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Antique tractor show looms large at 2019 Anchor Festival

Posted on Friday, June 7, 2019 at 5:16 am

Organizers called it one of the best Anchor Fests ever.

It certainly was for fans of antique tractors.

Ronnie Thornhill, left, talking about tractors at the Anchor Fest’s antique tractor show.

This year, 21 tractors rolled through the Anchor Fest parade and were displayed along the north side of Centralia’s City Square Park Saturday.

Massy Harris, John Deere, Allis Chalmers, Olive, Farmall, even a Fordson, Ford, almost all the old names were lined up along the north side of the Centralia City Square Park.

“That was the most antique tractors I have ever seen in an Anchor Festival Parade,” said Ginny Zoellers, director of the Centralia Chamber of Commerce.

“It takes a lot of work,” said Ronnie Thornhill, talking about his pair of special edition Ford 8N tractors. “But If you do it yourself it’s really not that bad. You’re just out that cost of the materials.”

The two tractors he has been bringing to the Anchor Fest antique tractor show for at least a decade are 1952 Ford 8Ns, but with a big difference, more like four big differences to be exact.

One’s normal Ford 8 N had a six-cylinder motor.

Thornhill’s pair have eight-cylinder motors, each installed by Thornhill and his brother Romie converted the two, Ronnie said, “to show people what farmers had to do, could do, back then when they needed more power.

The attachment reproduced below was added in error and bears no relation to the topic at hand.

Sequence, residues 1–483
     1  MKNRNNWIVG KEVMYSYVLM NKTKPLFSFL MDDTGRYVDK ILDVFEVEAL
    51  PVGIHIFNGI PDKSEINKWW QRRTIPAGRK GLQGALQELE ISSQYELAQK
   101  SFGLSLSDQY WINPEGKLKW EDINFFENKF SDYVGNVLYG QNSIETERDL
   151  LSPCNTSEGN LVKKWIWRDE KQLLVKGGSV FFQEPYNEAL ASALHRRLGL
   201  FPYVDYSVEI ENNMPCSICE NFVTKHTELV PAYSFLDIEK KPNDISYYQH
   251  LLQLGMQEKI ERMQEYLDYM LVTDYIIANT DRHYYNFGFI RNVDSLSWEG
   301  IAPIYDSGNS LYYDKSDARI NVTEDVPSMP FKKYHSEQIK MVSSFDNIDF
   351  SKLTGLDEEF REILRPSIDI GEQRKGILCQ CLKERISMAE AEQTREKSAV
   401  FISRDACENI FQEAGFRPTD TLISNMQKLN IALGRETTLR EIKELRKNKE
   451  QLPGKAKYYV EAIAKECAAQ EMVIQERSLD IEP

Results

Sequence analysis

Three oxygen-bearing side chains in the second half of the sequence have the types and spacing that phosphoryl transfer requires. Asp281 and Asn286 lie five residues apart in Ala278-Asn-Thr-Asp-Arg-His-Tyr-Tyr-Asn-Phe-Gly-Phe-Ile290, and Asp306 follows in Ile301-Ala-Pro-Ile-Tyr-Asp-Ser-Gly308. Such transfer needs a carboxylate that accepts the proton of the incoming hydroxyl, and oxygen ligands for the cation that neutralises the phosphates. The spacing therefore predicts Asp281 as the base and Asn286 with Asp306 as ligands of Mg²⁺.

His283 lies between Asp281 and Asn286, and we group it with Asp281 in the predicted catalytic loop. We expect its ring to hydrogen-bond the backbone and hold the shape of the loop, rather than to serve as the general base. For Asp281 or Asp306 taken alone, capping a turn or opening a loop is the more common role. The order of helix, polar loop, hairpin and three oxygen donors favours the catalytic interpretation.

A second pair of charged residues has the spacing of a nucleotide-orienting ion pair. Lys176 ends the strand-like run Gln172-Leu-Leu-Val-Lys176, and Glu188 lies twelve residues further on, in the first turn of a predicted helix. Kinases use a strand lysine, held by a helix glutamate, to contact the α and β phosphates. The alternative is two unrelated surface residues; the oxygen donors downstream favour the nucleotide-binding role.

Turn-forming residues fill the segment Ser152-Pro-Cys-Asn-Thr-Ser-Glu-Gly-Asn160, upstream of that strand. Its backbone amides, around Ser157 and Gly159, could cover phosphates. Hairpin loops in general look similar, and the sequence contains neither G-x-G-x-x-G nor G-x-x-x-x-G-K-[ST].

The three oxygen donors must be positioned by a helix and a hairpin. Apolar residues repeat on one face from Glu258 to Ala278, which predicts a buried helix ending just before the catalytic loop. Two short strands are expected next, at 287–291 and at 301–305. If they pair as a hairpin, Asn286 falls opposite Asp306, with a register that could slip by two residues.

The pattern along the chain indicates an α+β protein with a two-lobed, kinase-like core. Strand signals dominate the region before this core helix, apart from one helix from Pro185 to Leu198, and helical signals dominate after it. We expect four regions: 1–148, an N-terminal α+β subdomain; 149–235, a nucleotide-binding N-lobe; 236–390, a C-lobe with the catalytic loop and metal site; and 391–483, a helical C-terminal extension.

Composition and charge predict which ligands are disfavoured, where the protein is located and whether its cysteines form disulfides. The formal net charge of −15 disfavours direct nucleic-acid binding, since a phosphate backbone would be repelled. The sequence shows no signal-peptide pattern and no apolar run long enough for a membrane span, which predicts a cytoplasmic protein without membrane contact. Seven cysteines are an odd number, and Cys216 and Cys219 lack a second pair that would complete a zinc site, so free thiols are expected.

On conversion is a factory kit, he said, that uses a flat-head, eight-cylinder motor. The other uses a V-8 from a Ford Mustang. The factor conversion takes a normal 20 horsepower utility farm tractor and ramps it up to 100 horse power. The Mustang-based conversion rockets it up to “muscle tractor” status at a Godzilla-like 260 horses.

It’s fun,” Thornhill said, “and we wanted to do them to show it could be done.”

He said he and his brother grew up on their family’s farm off NN between Sturgeon and Harrisburg where they raise cattle and farm crops. Restoring old tractors is what they do over the winter.

One fan sitting in a folding chair watching people looking at the tractors, and the world go by was Rodney Vance.

He had his thoughts on why there were more antique tractors than before.

“It’s the weather,” he said with a tired-looking smile. “Not many could get in the field yet this year and last year there wasn’t any rain until Anchor Fest and people looked out their windows and said, ‘I’m not going out in that.’”

Pointing to a Massey Harris equipped with a more than 60-years-old two-row corn-picker, he said. “That one of Schnarre’s over there, that shows people how they were doing it in the 40s and 50s.”

Thornhill agreed. “Yes, that and the older people like to come to these, see the old tractors and say, ‘I drove one of those when I was a kid.’”

He paused and pointed on the rough gray Fordson on a trailer.

“Other people like to see that Fordson. That is a make of tractor that maybe they’ve only heard about. Hardly anybody here knows about them… We do this to keep the memories alive, putting those old tractors back together so their history doesn’t pass away.”